Universities 'should offer grants to poor sixth-formers'

Media caption,
Report author Alan Milburn: Universities "could provide a financial incentive for poorer families to get their youngsters to stay on at 16 rather than going into work"

England's universities should fund grants, like the scrapped education maintenance allowance, to help poor pupils stay in school and get on degree courses, a former Labour MP says.

Alan Milburn makes the call in a social mobility report for the government.

He says universities spend too much on bursaries and reduced tuition fees for poorer students and should instead target money at schools.

He also says universities should take an applicant's background into account.

When deciding what A-level grades a student needs to get to obtain a place, for example, pupils from disadvantaged backgrounds should be given lower entry offers.

While many universities do already do this, Mr Milburn wants to see a more streamlined system by 2014.

The disclosure is likely to fuel the debate surrounding "social engineering" in university admissions and lead to fresh fears privately-educated children will face discrimination.

Early intervention

Mr Milburn, who was enlisted by the coalition to review policies surrounding social mobility, says there has been a great deal of progress in recent years in getting youngsters from non-traditional backgrounds into university.

But he says government and universities must do more to ensure "those with talent and potential" get into university.

Mr Milburn claims poor GCSE and A-level results remain the biggest barrier to higher education and says universities' efforts should be channelled towards intervention at a much earlier age.

Some of the money they currently spend on fee waivers and bursaries would be better targeted at getting 16-year-olds to stay on in education, achieve good A-levels and get into higher education.

This follows the scrapping of the education maintenance allowance in England last year after ministers claimed most of the money was "dead weight" - going to students who would have attended sixth form or college anyway.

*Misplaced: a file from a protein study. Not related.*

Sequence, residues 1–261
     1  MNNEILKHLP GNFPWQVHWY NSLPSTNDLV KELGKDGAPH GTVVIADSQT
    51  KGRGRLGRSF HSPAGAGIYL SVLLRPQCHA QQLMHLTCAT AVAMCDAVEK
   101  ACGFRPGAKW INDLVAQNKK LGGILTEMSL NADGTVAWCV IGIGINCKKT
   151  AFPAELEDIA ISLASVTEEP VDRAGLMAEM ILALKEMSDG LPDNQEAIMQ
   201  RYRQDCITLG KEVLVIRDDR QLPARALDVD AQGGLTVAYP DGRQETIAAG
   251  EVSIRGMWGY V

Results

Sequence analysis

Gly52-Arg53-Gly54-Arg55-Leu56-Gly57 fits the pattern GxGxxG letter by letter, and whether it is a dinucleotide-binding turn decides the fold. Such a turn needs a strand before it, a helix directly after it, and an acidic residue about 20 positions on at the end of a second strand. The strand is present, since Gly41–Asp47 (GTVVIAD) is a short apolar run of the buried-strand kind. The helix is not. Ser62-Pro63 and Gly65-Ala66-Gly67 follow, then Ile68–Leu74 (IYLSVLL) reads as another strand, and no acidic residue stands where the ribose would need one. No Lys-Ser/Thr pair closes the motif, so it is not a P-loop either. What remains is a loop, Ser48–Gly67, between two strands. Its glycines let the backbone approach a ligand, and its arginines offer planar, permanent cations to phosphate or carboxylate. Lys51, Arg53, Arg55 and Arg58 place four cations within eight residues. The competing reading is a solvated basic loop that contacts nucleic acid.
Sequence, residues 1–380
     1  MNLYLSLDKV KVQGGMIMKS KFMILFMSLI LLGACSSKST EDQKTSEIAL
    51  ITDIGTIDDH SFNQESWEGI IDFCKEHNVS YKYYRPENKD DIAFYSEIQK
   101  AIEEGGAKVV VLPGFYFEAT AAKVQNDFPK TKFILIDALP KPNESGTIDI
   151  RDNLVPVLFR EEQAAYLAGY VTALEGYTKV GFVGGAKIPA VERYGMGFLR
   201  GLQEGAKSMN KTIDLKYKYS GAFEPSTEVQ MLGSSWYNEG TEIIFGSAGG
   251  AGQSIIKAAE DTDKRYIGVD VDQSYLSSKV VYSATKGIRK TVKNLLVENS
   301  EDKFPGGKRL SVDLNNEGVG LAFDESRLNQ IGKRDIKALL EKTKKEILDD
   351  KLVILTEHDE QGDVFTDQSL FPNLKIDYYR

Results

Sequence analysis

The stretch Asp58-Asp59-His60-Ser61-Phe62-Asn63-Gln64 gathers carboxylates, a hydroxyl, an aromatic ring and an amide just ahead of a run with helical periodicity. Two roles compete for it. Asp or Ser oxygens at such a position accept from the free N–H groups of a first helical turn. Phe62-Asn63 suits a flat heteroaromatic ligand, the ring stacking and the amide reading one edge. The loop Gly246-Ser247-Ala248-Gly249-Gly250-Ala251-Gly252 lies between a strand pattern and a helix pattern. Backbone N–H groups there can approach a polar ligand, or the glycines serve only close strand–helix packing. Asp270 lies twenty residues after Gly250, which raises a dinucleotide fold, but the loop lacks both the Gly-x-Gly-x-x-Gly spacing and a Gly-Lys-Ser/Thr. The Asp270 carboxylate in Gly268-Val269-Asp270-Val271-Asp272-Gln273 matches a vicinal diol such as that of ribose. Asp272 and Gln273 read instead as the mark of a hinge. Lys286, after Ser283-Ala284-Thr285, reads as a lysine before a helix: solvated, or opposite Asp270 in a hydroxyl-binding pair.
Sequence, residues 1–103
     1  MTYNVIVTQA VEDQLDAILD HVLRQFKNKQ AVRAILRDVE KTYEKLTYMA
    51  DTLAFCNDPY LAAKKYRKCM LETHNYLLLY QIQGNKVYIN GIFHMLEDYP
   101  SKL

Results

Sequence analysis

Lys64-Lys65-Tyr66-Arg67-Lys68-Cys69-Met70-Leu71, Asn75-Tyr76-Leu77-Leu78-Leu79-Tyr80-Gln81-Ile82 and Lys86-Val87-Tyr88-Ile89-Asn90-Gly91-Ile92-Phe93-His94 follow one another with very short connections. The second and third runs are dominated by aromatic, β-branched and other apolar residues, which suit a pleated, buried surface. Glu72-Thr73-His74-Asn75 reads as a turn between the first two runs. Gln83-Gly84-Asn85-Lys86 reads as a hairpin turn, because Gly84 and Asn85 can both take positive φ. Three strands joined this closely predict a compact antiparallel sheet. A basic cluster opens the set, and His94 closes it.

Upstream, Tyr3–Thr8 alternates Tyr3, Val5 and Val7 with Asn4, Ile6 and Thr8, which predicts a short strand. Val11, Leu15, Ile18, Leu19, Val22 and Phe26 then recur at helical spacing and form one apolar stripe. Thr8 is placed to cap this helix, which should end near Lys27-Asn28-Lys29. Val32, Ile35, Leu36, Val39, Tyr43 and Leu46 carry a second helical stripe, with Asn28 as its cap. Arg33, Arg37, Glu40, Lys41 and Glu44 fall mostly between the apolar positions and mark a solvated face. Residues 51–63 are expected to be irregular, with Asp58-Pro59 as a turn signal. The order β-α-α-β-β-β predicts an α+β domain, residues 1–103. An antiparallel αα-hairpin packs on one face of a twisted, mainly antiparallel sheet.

Mr Milburn told the BBC: "The best thing that can be done in my view is to try to get kids to stay on at school after 16, to study hard, work well, get their A-level results and then progress on to university.

"So one of the things that universities can look at doing, following the government's decision, which I think is regrettable, to abolish the education maintenance allowance, is to provide a financial incentive for poorer families to get their youngsters to stay on at 16 rather than going into work because that way they stand the best chance of getting into higher education."

Mr Milburn's report, which is being published on Thursday, will also call for a foundation year programme in all universities, where less advantaged youngsters will have the opportunity to catch up with their peers.

He also wants all Russell Group universities to sponsor a city academy school.

Oxford competition

Prior to the report's publication, Mike Nicholson, director of undergraduate admissions and outreach at Oxford University, said his university was already working hard to attract a wider range of student and made tutors aware of students' backgrounds.

Oxford now had 17,000 applications for 3,200 places, compared with 13,000 just five years ago, he said.

Certain groups in society that might previously have expected places at the university would now find competition fiercer, he said, adding that students who may have got in five, 10, 15 or 20 years ago probably would not now.

"But that's not necessarily a bad thing at all - what we're doing is reaching out to a much broader range of students and making it possible for them to see themselves at Oxford," he added.

Professor Eric Thomas president of Universities UK said: "The report recognises rightly that school results remains one of the biggest barriers preventing students from disadvantaged backgrounds progressing onto university.

"Although there are many good examples of universities, schools and colleges working together to raise aspirations and academic attainment to support this process, more can be done by working in collaboration."

He said that his group supported the use of contextual data but that this does not have to involve admitting applicants from disadvantaged backgrounds with lower entry grades.

"While some universities do consider lowering their requirements by one or two grades, this is part of a much wider process in which the university considers a range of factors alongside an applicant's grades," he added.

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